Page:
Introduction: Learn How to Compost in Less Than an Hour

Learn how to compost! You don't have to have a green thumb to successfully create a healthy compost bin in your own backyard.

These instructions will help you learn the basics of the composting process. Composting is a cheap, environmentally beneficial way to enrich soil for gardening and landscaping. It helps prevent pollution by reusing organic materials instead of filling up landfills. Composting replaces the need for harmful fertilizers and pesticides, and also prevents erosion. No experience or fancy equipment is needed to start your own compost pile at home. This is not an exact science - just an easy, hassle-free way to benefit your yard. Just follow these simple steps, and within a few months your compost will be ready to add to your garden!  


The composting process is comprised of four main parts: air, water, browns, and greens.

AIR : In order for fast decomposition, the compost pile must have plenty of air. This means that it is essential for the compost materials to be regularly “fluffed” and turned.

WATER : The pile should always be moist, not wet. As one compost-guide describes, the pile should be “moist as a
wrung-out sponge.” If the pile is too dry, the decomposition will be slowed. If the pile is too wet, air is kept from
circulating in the pile and decomposition will slow.

BROWNS : Dry and dead plant material. This includes straw, brown weeds, autumn leaves, wood chips, and sawdust. These materials often need to be moistened before added to the compost.

GREENS : Fresh plant material. This includes green weeds, fruit and vegetable scraps, green leaves, coffee grounds, tea bags, etc.  

Step 1: List of Materials

Gather the following materials:
-pitchfork or rake
-chicken wire (24 in x 10 ft)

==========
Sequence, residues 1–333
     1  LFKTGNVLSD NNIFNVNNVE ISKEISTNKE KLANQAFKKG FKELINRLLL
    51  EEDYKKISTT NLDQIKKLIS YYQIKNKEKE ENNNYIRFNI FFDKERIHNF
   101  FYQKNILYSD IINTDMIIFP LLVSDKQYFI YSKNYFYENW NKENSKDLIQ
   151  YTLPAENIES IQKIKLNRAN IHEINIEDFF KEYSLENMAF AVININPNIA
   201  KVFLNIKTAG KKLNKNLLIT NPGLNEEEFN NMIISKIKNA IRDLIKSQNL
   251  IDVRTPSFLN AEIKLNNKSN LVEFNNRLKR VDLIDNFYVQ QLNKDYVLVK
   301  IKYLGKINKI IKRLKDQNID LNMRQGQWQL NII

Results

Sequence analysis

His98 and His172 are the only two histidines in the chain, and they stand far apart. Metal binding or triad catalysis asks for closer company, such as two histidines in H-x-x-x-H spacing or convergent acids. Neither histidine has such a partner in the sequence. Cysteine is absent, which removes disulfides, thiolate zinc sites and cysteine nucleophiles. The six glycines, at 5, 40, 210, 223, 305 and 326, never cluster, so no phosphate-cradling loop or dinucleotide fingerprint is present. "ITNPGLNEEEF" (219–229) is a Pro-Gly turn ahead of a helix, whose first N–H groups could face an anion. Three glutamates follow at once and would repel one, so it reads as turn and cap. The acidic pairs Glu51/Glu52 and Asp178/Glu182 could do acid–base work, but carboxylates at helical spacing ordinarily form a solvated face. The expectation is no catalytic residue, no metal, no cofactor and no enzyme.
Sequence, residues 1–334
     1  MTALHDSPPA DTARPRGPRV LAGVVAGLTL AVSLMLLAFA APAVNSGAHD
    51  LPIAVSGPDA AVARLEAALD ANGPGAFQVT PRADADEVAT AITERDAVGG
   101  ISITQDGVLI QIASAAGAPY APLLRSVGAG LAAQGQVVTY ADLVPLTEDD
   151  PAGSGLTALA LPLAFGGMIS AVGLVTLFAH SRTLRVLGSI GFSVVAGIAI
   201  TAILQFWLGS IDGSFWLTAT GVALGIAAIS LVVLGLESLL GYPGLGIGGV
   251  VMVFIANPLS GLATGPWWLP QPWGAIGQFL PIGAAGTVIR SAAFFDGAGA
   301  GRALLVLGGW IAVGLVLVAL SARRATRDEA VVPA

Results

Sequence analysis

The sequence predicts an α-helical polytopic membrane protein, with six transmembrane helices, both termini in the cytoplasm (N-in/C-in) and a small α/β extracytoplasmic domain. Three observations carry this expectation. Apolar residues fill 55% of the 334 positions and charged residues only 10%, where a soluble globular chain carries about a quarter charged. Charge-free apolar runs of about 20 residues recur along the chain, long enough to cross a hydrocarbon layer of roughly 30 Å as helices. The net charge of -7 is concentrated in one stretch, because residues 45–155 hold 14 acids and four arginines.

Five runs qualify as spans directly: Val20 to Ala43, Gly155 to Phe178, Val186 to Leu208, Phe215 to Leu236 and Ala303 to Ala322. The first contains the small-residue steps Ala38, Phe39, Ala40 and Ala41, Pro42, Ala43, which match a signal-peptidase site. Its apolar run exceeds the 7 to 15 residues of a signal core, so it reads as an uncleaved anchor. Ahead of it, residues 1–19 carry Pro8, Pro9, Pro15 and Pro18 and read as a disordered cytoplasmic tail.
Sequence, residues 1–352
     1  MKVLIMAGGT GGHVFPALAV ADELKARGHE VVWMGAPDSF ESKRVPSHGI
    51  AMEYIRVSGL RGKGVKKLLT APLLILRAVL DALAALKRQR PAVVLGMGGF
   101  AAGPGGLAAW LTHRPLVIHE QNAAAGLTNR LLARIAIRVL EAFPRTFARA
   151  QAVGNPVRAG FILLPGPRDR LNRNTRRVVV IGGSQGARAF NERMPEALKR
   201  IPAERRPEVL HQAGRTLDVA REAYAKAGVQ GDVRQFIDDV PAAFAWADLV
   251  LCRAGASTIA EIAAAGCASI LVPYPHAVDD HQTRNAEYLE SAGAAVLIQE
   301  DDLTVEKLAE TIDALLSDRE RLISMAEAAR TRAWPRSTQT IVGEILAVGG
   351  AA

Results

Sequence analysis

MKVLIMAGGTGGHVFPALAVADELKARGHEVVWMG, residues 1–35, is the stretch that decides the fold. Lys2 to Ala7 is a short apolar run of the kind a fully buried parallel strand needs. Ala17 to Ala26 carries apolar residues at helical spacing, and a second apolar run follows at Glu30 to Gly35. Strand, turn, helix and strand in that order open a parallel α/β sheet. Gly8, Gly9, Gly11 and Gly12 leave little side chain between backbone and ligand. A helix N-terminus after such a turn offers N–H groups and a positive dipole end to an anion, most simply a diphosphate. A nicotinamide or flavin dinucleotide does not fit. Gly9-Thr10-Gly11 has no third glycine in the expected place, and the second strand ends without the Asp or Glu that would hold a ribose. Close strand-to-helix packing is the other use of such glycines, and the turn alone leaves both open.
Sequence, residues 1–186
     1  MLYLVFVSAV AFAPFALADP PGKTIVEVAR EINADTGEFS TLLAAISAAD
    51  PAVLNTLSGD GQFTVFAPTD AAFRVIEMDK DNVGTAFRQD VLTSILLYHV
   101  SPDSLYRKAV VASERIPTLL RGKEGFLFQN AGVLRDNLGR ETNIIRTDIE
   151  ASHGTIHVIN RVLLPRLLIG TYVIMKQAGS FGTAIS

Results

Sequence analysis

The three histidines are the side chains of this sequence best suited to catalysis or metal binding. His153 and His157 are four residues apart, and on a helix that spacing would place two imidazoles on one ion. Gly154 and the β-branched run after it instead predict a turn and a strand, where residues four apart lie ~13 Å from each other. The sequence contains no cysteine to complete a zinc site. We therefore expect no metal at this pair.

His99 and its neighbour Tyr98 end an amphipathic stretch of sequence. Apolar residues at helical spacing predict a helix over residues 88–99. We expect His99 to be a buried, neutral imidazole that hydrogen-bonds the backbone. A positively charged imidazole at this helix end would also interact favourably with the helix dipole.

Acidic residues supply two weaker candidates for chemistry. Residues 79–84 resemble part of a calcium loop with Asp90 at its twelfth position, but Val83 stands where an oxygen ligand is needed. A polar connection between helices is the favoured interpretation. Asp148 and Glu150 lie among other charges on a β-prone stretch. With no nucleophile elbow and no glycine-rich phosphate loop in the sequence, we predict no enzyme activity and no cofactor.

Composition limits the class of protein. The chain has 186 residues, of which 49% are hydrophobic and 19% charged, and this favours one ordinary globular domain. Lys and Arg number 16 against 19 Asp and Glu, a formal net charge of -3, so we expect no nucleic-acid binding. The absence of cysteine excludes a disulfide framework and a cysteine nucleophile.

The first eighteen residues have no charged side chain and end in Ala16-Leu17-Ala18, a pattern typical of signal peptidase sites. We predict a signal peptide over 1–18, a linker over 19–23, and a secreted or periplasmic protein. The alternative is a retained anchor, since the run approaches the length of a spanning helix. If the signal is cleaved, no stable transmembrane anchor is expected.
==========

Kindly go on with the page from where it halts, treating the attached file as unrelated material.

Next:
-zip ties/cable ties
-gardening soil (1-2 bags of 40 lbs)
-hose/watering can
-compost material (refer to table of "What to Compost") 
-4 wooden stakes 3’ - 4’ tall
-mallet hammer
-a friend willing to lend a hand!

What to Compost: 
-coffee grounds
-grass clippings
-shredded paper (omit non-recyclable)
-tea bags (be sure to remove any staples) 
-vegetable and fruit scraps
-wood chips
-yard scraps (old plants, flowers, and small prunings)
-egg shells (be sure they are free from yolk residue)

What Not to Compost: 
-dairy products
-food sauces
-invasive weeds
-non-organics (plastic, metal, glass, etc.) 
-pet feces
-treated wood
-any material containing preservatives/toxins

Step 2: Choose a Location

Choose a shady location in your backyard, preferably near a water source (e.g., a faucet). 

Step 3: Constructing the Bin

Fasten chicken wire into a cylinder using plastic ties.
This may require some assistance.

Step 4: Stake It!

Weave wooden stakes through chicken wire to secure bin to the ground. 

Step 5: Secure Bin

Secure bin by hammering stakes into the ground until bin is stable. 

Step 6: Add Leaves

Add approximately 6 inches of leaves into the bin.
Remember you don't have to make it exact. 

Step 7: Add Soil

Add a layer of soil, enough to cover the leaves. 

Step 8: Water Lightly

Water lightly.
Don't over water. Should be damp as a wrung-out sponge. 

Step 9: Alternate Layers

Alternate adding layers of leaves and soil, until the bin is half-way full. 

Step 10: Add Compost Materials!

Add compost materials to bin. 
Refer to list of "What to Compost" and "What Not to Compost."

Step 11: Mix It Up!

Stir to incorporate compost, leaves, and soil together with pitchfork or rake. 

Step 12: Stir, Water, Repeat

Stir and water lightly a few days a week.  

Step 13: Enjoy Your Compost!

Continue to add compost materials to your bin, and enjoy this eco-friendly alternative to keep your garden growing! 

Step 14: Troubleshooting

Why does my compost smell bad?
This could be caused by compaction.
Solution : Aerate! Stir the mixture more often to create more air movement.
Or, this could be caused by over-watering.
Solution: Add dry leaves or wood chips to soak up water and stir often to promote air flow.

How do I know when my compost pile is ready to be mixed into my garden?
If the pile has:
- shrunk significantly (up to half its original volume) OR
- the original organic materials (the leaves in Step 5) are no longer recognizable OR
- the compost pile is more crumbly than solid
the compost pile is ready. This can take a few months, be patient!

There are flies around my compost bin - how do I get rid of them?
Flies should not be attracted to your compost pile if the food scraps are stirred under the soil and leaves.
Dumping food scraps on top of the pile will attract flies.

Why are there ants in my compost pile?
Ants are a sign that the compost is too dry. Remember to lightly water the compost pile regularly.